“Pittsburgh is small and I came at the perfect moment when the claim to fame for the city is technology and I was the engine to get the conversation going about black tech.”
After studying biology at Howard University and traveling to Senegal on a health scholarship, Kelauni Cook realized pre-med wasn’t for her, but wasn’t exactly sure what was. She spent the subsequent year in wanderlust living on friends’ couches in New York and Los Angeles, teaching English in Spain, and substitute teaching at her high school in Chicago. In 2016, she landed in Minot, North Dakota to help her sister open a business and spend time with her nephew. The plan was to study and get into a Ph.D program for cultural anthropology, but a family friend from Microsoft told her about the high demand for coding, which ultimately led her to Pittsburgh: “I Googled ‘free coding boot camps’ and after clicking through a couple of pages I found Academy Pittsburgh, which focuses on coding for minorities and females. Three weeks later I was packed up and heading to Pittsburgh without any connection to the city, the people or the culture. But I had a plan.”
She found housing easily in her newly adopted city, opting for an apartment not far from Academy in Arlington, a sliver of a neighborhood above the South Side Slopes. The coding bootcamp, however, was intense and not without tears and struggle. Kelauni cautions against the “Anyone can code!”marketing, but does offer sound advice for those interested in the field. “Make sure you have abundant patience, enjoy puzzles, and have a high tolerance for failure. I often joke that software developers make so much money because we’re paid to be frustrated. It’s a tedious job, but it’s about making a lot of little parts work together to make something big and it’s really rewarding when it works.”
Kelauni immersed herself in Pittsburgh’s tech industry, attending as many events as she could find. As is true across much of the technology industry, there were very few people who looked like her; when there was, it was a black male. “This sparked my curiosity and I decided to host an event called ‘Where is Black Tech in Pittsburgh?’” What Kelauni thought would be a small community panel discussion drew 80 participants including several members of Pittsburgh’s city council, Google staffers, and a sponsorship from Carnegie Mellon University. “It was the best decision I ever made, not just for my career, but how much Pittsburgh embraced me. I don’t think I would have had that kind of support in another city.”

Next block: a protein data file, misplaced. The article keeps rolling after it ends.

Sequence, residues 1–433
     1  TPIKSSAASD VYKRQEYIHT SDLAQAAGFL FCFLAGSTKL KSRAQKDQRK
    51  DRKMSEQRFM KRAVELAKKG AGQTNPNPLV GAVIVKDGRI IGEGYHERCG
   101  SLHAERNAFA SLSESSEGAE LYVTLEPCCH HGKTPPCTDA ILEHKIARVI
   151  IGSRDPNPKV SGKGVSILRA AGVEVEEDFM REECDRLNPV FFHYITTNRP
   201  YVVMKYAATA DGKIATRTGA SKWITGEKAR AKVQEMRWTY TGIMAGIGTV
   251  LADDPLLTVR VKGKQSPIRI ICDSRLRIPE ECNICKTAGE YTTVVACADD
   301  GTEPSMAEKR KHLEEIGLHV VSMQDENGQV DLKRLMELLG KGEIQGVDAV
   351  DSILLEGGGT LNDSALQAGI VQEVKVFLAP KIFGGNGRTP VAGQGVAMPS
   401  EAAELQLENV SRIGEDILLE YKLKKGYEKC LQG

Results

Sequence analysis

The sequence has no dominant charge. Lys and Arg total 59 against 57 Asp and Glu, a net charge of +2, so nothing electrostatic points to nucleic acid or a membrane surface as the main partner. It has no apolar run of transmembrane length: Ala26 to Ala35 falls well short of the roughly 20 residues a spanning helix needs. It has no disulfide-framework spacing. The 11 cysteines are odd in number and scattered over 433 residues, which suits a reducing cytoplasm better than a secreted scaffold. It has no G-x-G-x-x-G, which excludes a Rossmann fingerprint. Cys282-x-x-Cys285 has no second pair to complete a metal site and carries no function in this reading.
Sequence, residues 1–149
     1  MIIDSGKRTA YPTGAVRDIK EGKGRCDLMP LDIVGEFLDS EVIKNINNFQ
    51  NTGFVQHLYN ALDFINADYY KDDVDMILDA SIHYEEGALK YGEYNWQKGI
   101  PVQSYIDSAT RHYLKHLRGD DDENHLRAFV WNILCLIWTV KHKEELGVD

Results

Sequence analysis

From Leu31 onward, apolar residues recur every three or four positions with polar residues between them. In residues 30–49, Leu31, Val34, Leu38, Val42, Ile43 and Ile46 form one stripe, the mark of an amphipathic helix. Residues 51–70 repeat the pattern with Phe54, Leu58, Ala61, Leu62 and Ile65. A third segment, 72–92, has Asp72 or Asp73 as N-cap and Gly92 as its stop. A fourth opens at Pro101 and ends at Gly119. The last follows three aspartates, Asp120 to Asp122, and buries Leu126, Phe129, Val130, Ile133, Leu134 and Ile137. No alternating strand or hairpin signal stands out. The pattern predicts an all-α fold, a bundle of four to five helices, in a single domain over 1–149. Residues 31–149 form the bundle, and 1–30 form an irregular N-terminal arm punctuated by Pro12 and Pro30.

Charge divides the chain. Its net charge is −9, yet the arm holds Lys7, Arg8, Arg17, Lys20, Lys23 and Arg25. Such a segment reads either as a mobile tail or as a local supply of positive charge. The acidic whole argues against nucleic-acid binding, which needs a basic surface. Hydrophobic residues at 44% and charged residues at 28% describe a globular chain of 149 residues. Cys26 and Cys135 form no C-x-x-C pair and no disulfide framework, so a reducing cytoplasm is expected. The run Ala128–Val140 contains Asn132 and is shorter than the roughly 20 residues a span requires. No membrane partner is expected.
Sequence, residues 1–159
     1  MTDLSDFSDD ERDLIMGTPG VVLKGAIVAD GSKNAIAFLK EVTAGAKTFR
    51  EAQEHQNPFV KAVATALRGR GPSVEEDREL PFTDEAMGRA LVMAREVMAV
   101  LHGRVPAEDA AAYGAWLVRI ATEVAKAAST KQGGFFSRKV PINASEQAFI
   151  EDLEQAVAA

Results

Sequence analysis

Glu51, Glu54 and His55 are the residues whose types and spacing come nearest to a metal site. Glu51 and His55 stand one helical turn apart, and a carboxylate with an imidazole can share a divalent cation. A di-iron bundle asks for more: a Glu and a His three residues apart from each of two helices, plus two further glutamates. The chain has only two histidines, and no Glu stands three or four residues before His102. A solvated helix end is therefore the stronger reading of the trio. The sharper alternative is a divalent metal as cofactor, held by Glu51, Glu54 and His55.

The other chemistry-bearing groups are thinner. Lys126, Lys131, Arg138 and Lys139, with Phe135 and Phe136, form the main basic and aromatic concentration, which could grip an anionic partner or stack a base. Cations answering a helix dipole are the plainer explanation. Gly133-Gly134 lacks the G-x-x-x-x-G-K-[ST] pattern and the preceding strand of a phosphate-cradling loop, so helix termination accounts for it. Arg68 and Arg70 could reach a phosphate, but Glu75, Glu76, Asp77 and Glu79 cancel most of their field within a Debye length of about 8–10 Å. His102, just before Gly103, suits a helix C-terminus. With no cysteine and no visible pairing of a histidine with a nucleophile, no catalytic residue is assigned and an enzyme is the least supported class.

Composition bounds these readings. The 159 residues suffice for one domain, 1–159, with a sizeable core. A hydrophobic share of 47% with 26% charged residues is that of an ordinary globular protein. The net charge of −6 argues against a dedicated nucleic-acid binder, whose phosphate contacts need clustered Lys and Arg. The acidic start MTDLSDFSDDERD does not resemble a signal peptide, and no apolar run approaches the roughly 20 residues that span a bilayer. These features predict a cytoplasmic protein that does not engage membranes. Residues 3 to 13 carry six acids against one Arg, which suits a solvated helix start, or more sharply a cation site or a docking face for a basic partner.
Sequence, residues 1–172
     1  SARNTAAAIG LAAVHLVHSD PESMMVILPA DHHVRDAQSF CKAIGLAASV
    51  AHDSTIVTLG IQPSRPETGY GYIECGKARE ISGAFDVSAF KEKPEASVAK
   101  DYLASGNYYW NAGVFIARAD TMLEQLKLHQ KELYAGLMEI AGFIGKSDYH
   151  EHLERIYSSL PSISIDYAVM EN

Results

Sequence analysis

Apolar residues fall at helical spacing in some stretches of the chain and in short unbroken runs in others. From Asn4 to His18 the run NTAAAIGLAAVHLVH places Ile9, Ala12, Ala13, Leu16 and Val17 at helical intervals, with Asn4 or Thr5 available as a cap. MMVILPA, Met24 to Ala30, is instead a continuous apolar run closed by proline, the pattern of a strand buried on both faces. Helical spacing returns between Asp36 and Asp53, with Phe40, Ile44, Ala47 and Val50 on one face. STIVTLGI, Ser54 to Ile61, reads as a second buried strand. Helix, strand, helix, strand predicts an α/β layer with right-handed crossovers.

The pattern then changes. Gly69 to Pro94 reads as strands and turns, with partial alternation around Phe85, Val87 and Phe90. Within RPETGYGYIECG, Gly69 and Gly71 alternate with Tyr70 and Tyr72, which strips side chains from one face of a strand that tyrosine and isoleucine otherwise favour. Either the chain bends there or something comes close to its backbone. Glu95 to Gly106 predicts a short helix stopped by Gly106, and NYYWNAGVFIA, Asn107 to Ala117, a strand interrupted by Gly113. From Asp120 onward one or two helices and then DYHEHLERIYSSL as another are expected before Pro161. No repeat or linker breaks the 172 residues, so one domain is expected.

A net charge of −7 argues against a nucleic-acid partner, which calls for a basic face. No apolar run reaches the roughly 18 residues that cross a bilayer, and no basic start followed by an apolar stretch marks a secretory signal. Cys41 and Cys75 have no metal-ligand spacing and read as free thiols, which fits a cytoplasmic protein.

The event spurred an onslaught of local and national news coverage and emails from individuals asking, now what? How do we make the tech space more inclusive? From there, Black Tech Nation was born, a “beautiful accident that came out of a community need.” It offers a comfortable platform for black computer science students, tech professionals, and those interested in joining the industry to share information and resources, hosting regular meet-ups and events. In addition, Kelauni hosts a “Blockchain Developers and Enthusiasts United” meet-up to engage a broad audience of participants who want to learn more about blockchain technology, news, and investments.
In addition to Black Tech Nation, Kelauni runs AcademyPittsburgh Beta Builders that teaches coding in high schools with a focus on engaging minorities. The after-school program teaches students to build a website that they can use for a college portfolio and the second cohort started in 2018 at Brashear High School.
Kelauni has little down time, but when she does have a spare moment you can find her on the dance floor. A ballet dancer for 16 years, she enjoys “any place with good music, people and drinks.” She enjoys the eclectic scene at Spirit in Lawrenceville, and the diverse mix of patrons (and alleged “best chicken nachos in the world”) at Twelve on Carson in the South Side. Kelauni also loves spending time in coffee shops and her favorite office away from home is the South Side’s Cup-Ka-Joe on 27th Street.
“I’ve always wanted to be an entrepreneur, and I’ve started and failed at a lot of different projects, but my momentum in Pittsburgh has really been inspiring. I’m excited to see what happens next.”